Tag: mentoring


The next generation of writers

 Earlier today I met with a young writer. Some time ago, I was contacted by her elementary school to serve as a mentor and we meet every few months at her school. She’s in fifth grade, a time when most kids are probably trying to get out of homework assignments, much less coming up with their own. I hope I’ve helped her, I know she has helped me.  The biggest take away is look both ways. Find adult mentors for young writers, and if you are a writer and have a chance to mentor a developing writer, do it!  “O” and I don’t have lessons in grammar, and there are no assignments. Instead we talk about writing. “O” brings her stories and poems and we discuss. I mark them up with no regard to her age, there’s no grade so she can sort out the ‘tasks’ she wants to address. Then, once matters of punctuations and clarity are out of the way we discuss the creative process.  At one of our very first meetings, I mentioned that her story lines are a bit dark. “O” replied, if bad things don’t happen then the story isn’t interesting. Clearly she understands the basic concept of storyline and plot. (One story had an amazing deathbed scene. Brief, yet a tear jerker. I did a little checking with her teachers and found that “O” has a happy, no-dark-stories, life. Since then I’ve not worried when her Thanksgiving tales are stories of disaster. As she tells me, it’s fiction.)  “O’s” journey is pure joy. She writes because she can’t not write. She has multiple projects going at the same time. She takes everyday ideas like the painful wait through the last five minutes of class and creates an entire fantasy world. Similarly, she takes the idea of snow in August and builds a storyline from there.  She is the epitome of ‘write what you know’ in a bold, unrestrictive way. She takes the emotions of loss, vulnerability, friendship and wonder, and makes that the core of the story, not caring if the story is set in Japan, a place she’s never visited. I hope to be invited when she receives a national book award on her 21st birthday. But even if that doesn’t happen, being part of the early journey has been inspirational.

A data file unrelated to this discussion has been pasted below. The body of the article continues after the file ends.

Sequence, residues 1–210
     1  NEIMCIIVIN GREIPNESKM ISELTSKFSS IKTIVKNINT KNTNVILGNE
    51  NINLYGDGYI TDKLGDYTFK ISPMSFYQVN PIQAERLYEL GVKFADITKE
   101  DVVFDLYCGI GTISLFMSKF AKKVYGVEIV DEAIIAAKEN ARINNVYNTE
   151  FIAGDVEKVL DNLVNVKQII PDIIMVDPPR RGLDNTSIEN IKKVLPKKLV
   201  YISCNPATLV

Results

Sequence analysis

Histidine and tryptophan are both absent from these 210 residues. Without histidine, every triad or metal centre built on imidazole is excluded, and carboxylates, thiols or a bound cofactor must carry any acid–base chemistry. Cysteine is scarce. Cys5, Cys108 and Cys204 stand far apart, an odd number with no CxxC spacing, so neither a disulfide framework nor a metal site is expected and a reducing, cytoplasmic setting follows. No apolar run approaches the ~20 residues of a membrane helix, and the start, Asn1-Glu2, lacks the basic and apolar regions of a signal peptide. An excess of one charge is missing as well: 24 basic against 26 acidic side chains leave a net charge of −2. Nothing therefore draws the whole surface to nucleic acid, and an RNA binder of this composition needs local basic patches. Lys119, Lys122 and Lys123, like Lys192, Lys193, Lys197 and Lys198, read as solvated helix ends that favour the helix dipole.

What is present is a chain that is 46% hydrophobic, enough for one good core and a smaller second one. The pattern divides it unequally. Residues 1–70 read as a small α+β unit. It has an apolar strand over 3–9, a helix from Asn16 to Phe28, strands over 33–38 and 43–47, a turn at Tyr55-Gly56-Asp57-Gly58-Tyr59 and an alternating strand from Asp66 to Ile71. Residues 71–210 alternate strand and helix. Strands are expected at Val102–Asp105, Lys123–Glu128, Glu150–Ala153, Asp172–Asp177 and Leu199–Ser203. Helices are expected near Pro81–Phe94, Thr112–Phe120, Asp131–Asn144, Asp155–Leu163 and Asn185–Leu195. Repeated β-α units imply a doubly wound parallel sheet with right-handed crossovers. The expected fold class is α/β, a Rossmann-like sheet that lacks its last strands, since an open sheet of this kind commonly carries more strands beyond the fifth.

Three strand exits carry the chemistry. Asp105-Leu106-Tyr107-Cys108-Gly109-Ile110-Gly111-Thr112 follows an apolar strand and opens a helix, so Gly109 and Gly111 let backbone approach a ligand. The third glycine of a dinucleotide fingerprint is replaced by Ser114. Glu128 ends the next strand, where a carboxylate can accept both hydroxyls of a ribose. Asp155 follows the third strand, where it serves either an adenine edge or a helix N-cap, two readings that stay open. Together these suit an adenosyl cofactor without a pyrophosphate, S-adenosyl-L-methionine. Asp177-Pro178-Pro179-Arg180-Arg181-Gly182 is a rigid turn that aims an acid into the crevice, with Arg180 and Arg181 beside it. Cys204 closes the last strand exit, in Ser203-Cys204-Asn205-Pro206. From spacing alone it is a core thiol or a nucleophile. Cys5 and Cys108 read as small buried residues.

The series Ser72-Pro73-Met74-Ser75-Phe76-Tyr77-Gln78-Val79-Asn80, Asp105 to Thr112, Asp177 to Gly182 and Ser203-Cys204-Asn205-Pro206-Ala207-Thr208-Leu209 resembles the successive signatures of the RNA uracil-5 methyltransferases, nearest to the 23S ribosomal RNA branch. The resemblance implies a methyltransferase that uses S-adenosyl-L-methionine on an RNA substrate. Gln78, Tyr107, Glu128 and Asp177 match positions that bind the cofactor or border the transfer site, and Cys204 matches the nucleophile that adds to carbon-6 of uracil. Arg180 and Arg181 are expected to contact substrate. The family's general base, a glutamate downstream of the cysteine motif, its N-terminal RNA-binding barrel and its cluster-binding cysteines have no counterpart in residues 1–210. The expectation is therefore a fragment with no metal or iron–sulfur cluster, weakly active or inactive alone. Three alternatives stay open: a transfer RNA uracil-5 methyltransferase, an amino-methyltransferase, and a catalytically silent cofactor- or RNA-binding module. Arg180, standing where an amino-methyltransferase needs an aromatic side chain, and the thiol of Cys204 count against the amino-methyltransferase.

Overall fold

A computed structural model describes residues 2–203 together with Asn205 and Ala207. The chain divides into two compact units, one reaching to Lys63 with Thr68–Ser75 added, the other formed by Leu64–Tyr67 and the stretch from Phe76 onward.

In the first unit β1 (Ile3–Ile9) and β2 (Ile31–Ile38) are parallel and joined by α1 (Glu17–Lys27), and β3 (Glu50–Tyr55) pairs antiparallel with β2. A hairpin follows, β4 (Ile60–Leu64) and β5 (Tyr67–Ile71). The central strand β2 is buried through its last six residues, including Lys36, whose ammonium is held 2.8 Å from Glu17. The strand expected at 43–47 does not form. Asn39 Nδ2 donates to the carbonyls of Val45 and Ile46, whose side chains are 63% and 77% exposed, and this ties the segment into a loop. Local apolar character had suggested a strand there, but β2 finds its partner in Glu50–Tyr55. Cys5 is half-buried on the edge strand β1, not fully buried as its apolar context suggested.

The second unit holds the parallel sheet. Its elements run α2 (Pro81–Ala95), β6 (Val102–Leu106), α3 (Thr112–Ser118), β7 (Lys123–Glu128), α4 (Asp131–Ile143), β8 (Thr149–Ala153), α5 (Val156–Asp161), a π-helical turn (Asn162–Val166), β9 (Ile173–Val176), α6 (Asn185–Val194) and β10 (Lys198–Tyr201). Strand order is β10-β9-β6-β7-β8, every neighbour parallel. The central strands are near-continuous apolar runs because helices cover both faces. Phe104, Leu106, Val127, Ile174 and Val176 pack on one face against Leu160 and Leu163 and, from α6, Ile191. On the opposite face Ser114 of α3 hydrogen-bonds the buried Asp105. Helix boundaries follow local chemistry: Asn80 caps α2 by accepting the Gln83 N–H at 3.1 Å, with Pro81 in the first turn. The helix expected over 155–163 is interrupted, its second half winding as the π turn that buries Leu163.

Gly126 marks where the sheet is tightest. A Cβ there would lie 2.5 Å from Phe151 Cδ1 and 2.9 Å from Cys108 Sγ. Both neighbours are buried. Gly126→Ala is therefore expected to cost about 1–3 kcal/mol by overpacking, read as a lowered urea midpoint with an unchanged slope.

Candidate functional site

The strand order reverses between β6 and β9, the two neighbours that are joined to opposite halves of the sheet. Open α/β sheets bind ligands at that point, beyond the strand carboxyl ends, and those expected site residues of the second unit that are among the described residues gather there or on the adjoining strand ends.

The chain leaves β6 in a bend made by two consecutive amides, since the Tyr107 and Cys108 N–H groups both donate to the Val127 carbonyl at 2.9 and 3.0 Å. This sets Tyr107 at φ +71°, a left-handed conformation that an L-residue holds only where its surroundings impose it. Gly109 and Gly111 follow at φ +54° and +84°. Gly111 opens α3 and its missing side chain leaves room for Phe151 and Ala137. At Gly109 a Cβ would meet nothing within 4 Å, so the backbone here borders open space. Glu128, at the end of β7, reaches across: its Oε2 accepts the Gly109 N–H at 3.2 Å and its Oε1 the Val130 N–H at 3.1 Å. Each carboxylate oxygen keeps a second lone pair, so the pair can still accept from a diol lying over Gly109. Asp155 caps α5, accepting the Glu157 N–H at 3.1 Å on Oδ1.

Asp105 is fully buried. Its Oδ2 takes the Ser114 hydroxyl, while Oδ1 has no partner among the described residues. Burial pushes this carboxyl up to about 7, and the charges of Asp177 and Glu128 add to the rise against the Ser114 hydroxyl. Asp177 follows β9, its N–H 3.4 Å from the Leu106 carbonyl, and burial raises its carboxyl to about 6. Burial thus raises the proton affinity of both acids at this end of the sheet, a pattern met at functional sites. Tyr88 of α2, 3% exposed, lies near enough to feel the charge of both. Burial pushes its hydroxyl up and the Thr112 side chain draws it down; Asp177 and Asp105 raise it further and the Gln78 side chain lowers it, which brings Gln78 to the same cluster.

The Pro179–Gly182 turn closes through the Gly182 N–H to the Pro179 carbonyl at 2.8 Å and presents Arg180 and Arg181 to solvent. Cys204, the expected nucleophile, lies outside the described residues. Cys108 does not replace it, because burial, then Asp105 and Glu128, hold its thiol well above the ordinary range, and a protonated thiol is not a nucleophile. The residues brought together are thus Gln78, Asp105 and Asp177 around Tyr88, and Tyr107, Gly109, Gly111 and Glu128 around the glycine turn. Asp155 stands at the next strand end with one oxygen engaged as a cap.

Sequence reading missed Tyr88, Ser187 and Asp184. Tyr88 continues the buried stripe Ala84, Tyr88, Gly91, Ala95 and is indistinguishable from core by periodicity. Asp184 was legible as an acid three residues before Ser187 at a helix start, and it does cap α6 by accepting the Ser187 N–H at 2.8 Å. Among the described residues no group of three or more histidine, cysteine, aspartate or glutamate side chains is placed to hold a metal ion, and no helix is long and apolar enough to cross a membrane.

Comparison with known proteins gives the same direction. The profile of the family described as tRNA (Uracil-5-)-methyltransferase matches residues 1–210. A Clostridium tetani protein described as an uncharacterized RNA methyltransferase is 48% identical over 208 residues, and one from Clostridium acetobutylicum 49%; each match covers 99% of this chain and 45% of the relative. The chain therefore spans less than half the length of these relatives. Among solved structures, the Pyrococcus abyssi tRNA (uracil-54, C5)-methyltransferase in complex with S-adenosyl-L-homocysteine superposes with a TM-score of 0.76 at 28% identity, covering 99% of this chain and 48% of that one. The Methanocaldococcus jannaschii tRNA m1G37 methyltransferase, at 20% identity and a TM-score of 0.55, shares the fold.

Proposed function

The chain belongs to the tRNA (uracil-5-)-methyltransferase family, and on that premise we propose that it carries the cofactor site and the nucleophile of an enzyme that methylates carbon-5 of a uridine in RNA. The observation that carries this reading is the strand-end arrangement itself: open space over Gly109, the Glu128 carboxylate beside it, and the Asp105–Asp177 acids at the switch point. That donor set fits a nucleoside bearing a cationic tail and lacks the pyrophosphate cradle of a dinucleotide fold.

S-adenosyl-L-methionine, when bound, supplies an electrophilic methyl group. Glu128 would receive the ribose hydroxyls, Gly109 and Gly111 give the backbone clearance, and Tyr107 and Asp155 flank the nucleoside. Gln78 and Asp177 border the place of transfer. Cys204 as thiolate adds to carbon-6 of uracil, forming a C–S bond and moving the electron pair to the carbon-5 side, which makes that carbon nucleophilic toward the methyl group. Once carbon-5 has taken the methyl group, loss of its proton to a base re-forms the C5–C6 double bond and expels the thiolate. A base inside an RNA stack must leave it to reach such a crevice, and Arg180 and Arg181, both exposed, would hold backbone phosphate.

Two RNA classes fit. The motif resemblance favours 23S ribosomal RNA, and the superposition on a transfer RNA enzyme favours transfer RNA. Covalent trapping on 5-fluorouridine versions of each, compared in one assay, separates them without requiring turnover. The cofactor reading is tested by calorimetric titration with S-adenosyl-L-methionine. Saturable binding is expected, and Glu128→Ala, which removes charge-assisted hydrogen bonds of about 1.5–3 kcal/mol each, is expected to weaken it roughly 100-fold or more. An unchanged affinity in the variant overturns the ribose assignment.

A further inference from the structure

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During the summer I don’t go into NYC to teach for Gotham Writers, which is what I normally do. Instead I work for Gotham’s Mentoring program, which is to say I work one-on-one with students over the phone. Every Monday at 6:30, for example, I talk to one writer from New Hempshire who’s working on a cozy mystery. She’s just getting started, so we’re at a brainstorming stage and if anyone were listening to my side of the conversation they’d find me insane.   Does her uncle have a reason to kill her? Does that poison cause you to have convulsions? Could he secretly love her? Is there money involved? He seems nice, but who is he really? We spend our time speculating over murderous topics, and I feel like our energy feeds off each other. I always feel inspired about my own work when I’m done talking to her, and judging by how many pages she’s written, she’s inspired too. Then there’s an older gentleman from California, who’s been working on a short story for some time. Anyone who doubts whether writing can be taught should read his work. He’s gone from being somewhat long-winded to writing something that’s really good and he’s going to be sending out to literary magazines. Not all my students are published, but some are, and it’s always a triumph. Today I’ll be talking to a new student, and that’s always exciting. Who is this person and what are her dreams and what can I do to help her? It’s always a bit of a puzzle to figure out. A little bit like constructing a mystery.     

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